Nov. 12, 2008 A round goby (Neogobius melanostomus) was caught in late July off the Swedish coast near Karlskrona. This is the first find of its kind in Sweden. The species, which originates from the Black Sea and probably spread to the Baltic via ballast water, has been found in the Gulf of Gdansk since 1990, in the southern Baltic.
Today it is one of the most common coastal fishes there, so it was expected that it would show up in Swedish waters sooner or later, according to researcher Gustaf Almqvist of Stockholm University.
Göran Pettersson is the man behind the sensational catch, which he made as he was bottom angling for perch in Saltsösund outside Karlskrona. Göran, who is from Sibbehult in Scania, has experienced many fish catches in the waters surrounding Karlskrona, but he had never seen this species before. He was even more surprised when, later that day, he caught three more of them.
“I’m interested in fishing, and after having compared them with pictures on the Internet and from an account in the magazine Svensk Fiske (Swedish Fishing), I immediately understood that what I had pulled in were round gobies,” says Göran Pettersson.
Göran alertly froze one of the fish and reported the find to the Swedish Board of Fisheries Coastal Laboratory, which then conveyed the find to Gustaf Almqvist at Stockholm University, who, together with Sven Kullander of the Swedish Museum of Natural History, was able to confirm that it was indeed a round goby. It was a 96 mm long male that was estimated to be two, or at most three, years old.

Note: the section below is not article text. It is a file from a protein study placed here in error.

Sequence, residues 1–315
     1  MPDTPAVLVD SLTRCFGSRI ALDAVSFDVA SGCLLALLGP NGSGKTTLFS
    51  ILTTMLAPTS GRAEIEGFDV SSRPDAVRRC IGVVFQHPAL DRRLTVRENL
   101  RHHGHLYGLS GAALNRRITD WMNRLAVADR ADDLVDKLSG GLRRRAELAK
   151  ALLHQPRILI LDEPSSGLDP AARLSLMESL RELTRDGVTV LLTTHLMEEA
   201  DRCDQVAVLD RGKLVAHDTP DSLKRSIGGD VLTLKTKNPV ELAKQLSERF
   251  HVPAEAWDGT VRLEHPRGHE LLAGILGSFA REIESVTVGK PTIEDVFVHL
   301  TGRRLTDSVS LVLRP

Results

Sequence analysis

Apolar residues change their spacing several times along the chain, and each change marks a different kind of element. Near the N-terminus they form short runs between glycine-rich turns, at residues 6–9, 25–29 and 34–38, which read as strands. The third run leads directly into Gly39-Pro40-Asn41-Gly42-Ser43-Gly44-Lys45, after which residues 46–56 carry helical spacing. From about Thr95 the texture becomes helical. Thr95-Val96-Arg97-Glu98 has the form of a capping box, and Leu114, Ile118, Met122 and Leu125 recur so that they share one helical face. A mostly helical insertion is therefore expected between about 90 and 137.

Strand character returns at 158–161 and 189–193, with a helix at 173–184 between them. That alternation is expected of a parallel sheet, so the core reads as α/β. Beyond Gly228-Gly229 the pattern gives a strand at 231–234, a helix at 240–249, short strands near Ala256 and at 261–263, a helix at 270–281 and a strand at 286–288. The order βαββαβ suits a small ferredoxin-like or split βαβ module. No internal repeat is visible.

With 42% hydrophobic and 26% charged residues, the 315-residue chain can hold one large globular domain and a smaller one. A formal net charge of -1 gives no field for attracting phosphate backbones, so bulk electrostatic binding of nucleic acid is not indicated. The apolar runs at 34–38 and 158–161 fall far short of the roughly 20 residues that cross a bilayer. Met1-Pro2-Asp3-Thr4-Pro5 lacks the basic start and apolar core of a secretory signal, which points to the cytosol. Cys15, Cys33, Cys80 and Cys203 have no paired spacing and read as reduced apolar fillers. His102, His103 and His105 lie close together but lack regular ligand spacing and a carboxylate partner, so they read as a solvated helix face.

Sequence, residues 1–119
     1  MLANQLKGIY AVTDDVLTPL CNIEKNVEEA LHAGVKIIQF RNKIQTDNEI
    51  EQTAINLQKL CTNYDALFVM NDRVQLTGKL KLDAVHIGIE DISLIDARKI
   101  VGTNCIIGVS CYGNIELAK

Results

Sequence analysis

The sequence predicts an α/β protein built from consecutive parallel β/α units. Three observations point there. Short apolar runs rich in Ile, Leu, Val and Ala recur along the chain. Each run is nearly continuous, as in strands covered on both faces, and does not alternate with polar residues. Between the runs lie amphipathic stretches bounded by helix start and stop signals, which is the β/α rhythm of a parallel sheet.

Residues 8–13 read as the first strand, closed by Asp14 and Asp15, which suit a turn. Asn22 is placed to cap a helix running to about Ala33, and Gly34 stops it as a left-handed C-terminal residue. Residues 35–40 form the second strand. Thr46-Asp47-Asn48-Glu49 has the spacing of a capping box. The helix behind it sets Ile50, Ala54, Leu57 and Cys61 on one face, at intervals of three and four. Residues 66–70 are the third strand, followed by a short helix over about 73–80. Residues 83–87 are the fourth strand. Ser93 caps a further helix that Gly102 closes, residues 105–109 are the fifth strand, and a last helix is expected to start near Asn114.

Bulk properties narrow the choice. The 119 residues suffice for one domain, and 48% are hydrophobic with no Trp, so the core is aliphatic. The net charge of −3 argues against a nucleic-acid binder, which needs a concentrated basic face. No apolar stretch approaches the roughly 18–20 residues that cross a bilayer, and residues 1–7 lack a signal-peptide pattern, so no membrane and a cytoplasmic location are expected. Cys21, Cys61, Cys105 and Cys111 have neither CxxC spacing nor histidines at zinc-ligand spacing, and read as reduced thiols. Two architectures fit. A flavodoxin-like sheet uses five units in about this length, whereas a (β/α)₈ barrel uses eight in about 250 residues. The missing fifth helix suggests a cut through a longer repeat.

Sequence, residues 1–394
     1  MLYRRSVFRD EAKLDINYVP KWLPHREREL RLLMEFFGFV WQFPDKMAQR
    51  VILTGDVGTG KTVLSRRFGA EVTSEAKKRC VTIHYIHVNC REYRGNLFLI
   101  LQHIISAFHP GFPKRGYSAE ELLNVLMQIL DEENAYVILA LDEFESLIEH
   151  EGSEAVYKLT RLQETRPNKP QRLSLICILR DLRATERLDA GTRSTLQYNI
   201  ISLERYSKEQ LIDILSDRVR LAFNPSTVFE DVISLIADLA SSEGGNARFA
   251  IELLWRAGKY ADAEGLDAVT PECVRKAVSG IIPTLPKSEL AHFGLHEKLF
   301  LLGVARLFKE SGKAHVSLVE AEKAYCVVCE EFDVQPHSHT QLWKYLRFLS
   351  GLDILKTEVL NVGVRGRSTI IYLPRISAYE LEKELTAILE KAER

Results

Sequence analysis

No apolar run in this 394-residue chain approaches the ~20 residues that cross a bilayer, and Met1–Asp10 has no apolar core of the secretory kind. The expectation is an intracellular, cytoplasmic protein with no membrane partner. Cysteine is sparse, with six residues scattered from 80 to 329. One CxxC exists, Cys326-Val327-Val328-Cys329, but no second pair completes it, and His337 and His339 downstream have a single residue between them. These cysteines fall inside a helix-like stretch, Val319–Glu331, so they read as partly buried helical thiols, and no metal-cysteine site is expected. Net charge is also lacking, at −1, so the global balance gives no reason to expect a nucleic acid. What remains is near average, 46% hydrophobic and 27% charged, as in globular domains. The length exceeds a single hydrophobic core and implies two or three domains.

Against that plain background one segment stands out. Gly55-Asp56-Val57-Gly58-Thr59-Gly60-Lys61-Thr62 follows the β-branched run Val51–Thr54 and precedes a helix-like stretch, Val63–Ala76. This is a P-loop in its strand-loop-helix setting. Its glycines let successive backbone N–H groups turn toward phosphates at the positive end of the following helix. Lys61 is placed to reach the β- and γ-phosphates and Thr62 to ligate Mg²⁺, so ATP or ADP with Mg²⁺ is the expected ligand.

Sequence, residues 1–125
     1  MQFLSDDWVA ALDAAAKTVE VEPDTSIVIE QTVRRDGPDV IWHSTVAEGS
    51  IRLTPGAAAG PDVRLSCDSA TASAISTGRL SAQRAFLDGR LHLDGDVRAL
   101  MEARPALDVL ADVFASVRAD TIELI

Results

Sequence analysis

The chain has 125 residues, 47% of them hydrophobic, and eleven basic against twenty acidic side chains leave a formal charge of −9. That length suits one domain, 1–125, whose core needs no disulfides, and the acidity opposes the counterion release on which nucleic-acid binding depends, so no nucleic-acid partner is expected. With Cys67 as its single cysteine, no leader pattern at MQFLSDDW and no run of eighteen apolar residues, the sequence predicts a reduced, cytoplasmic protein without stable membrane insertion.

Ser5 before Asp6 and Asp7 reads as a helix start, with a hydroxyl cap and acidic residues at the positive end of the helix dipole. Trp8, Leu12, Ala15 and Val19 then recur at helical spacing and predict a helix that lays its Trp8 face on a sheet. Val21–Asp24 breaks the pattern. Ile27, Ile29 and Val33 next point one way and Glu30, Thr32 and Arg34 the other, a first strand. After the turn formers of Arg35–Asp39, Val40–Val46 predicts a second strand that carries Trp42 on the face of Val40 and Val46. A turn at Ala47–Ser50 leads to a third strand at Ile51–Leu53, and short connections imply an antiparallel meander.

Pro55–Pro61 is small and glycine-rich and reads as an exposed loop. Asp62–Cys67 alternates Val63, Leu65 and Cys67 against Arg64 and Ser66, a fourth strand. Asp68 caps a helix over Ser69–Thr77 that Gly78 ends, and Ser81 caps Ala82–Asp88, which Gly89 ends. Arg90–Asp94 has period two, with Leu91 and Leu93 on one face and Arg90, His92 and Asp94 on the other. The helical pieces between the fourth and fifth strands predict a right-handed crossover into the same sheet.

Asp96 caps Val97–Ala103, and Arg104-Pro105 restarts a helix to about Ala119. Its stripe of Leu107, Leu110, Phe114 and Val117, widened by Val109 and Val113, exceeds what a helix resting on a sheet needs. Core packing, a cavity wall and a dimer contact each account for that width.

“It was only to be expected that it would become established in Swedish waters sooner or later. Roe and fry can be spread via ballast water. It’s logical that the first specimen was found in Karlskrona considering the intensive boat traffic between Karlskrona and Polish waters,” says Gustaf Almqvist, who defended his doctoral dissertation on the round goby at Stockholm University earlier this year.
In his dissertation he showed how the round goby has become one of the most colorful features of the southern Baltic in less than three decades. The fish primarily feeds on mussels. It can be 30 cm long and is a popular food fish in its original home region. The species has rapidly adapted to Baltic conditions and locally can dominate coastal fish populations. This has also meant that they compete with domestic bottom-dwelling fishes, and studies have shown that it can edge out the European flounder from certain areas. It has also become an important component in the diet of key predatory fishes such as cod and perch, and during some part of the year can constitute the most important prey for these fishes. Since the other prey of these predators do not feed on sea mussels to any great extent, the round goby is a new link between mussels and predatory fishes.
It is too early to determine whether these are merely a few stray specimens or whether the species has truly become established in Blekinge.
“Since the round goby winters in deeper waters, where they are harder to catch, targeted survey fishing probably can’t get underway until spring. The fish may very well already exist in other areas along the Swedish coast, especially in harbor areas with especially intensive trade relations with the southern Baltic,” says Gustaf Almqvist.
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